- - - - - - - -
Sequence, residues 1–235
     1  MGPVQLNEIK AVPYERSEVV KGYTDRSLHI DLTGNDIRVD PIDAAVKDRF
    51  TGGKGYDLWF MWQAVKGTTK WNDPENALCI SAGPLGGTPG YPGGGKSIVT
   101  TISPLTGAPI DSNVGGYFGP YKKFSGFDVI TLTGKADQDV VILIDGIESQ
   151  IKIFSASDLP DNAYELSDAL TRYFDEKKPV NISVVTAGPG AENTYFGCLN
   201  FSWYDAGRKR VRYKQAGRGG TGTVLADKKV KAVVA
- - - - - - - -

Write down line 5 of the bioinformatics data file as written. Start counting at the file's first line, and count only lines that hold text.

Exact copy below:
   151  IKIFSASDLP DNAYELSDAL TRYFDEKKPV NISVVTAGPG AENTYFGCLN